Archived News for Research Sector Professionals - October, 2013
Scientists in the US say that the financial wealth and educational background of a mother can affect the make-up of their child’s brain – making it more difficult to process sound.
A new website billed as a ‘digital textbook’ has been created to help change the way young students see science– encouraging them to study and get excited about a traditionally stuffy subject.
Honeybees are capable of landing with absolute precision on virtually any surface, now scientists have worked out how they judge their descent – and it is so simple we might just steal their idea.
Most people have experienced anything from a longing gaze to a creepy stare, but now science has shown some of the specifics behind the ways we check each other out.
Physicists from the Australian National University have developed a multi-pronged approach to measuring gravitational force, balancing a mirror on a tripod of lasers.
A shuttle launched in 2003 has sent back data from over 12,500 trips around Mars, the European Space Agency has now compiled it into a high-resolution fly-over.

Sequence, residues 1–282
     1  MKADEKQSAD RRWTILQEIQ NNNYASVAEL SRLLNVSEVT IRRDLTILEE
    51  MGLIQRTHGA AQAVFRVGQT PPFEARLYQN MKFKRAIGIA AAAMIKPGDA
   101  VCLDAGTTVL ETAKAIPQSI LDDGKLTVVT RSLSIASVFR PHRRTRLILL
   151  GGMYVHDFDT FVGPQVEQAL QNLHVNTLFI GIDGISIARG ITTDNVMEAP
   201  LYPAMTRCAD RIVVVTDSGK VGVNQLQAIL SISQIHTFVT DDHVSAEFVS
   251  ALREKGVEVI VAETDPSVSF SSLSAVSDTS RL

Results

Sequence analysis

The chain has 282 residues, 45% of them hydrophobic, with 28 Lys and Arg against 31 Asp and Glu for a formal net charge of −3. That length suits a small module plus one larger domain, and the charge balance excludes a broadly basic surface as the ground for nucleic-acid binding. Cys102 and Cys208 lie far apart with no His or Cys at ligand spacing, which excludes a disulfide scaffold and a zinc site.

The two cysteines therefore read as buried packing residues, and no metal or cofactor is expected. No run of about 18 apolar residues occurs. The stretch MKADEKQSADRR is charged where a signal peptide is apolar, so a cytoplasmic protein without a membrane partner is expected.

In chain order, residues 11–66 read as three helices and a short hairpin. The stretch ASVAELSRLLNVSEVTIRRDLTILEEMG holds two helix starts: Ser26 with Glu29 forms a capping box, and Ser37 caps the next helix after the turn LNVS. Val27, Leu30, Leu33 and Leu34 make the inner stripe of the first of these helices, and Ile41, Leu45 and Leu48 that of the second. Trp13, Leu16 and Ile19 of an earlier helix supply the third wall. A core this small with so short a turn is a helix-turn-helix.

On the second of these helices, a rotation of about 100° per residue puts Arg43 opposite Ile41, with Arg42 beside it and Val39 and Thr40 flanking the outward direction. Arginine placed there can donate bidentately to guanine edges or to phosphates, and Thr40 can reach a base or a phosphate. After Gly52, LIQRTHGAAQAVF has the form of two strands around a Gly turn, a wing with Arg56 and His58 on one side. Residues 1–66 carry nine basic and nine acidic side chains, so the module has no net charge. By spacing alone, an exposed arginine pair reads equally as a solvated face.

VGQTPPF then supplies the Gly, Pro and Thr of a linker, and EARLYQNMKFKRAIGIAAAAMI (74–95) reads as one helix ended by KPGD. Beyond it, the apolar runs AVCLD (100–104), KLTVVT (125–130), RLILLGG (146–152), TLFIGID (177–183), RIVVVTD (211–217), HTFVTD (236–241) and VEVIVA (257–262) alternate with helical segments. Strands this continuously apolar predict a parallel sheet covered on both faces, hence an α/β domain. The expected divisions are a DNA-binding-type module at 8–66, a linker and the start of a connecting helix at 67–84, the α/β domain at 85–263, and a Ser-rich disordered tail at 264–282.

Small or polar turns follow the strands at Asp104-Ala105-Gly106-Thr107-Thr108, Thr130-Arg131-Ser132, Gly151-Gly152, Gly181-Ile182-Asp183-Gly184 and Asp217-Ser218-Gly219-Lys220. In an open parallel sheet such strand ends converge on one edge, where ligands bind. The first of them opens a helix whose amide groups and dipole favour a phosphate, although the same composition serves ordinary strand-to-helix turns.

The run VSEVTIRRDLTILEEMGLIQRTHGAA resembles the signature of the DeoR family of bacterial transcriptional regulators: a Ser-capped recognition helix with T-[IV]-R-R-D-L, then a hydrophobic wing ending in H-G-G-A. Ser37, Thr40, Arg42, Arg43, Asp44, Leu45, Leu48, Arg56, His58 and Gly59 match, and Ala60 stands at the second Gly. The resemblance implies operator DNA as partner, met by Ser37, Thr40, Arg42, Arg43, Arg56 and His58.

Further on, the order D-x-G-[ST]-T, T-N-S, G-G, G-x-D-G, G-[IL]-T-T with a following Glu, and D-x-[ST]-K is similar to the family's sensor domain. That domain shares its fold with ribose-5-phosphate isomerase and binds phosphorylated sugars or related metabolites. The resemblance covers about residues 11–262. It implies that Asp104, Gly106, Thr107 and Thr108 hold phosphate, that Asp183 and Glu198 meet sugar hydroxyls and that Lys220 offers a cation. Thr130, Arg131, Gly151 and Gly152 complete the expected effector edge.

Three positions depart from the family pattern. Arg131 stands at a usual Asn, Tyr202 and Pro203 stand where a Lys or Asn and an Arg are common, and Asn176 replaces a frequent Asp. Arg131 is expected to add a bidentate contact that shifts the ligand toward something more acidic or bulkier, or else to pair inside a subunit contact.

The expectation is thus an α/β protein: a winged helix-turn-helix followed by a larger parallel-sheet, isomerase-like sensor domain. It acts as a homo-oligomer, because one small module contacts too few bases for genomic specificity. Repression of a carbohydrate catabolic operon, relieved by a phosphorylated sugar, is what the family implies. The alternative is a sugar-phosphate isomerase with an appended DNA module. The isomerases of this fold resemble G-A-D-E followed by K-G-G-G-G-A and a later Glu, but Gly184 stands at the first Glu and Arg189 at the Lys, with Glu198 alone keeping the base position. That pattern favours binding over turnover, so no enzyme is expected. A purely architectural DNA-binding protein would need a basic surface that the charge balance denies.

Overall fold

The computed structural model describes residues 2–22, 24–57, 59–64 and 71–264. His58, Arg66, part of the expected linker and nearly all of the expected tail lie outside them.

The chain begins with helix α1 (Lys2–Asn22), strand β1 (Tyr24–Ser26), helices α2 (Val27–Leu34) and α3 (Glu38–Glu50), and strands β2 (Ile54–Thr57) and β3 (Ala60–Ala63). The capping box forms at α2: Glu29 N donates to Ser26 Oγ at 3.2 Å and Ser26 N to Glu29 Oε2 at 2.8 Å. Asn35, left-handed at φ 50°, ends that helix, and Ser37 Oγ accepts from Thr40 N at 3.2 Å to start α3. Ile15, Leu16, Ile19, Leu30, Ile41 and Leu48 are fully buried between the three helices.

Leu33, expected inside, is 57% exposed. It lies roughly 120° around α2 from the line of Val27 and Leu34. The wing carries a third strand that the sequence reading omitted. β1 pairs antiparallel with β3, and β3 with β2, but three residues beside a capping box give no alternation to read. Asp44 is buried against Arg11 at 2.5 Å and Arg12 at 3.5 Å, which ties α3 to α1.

If there is one substance mankind is producing in abundance and looks likely to continue doing so, it would be carbon dioxide – but a new development may see the ability to turn large amounts of CO2 into biofuel.
A large number of respondents to a recent survey say governments should take a more active role in controlling food labels to improve public health, education and benefit the environment.
A multi-million dollar project has been undertaken in the United States which will see a better level of back-and-forth between surgeons and their robotic instruments.
The first far-reaching study into academic doping in Australia has been conducted, finding University students are increasingly looking for a chemical advantage over their classmates.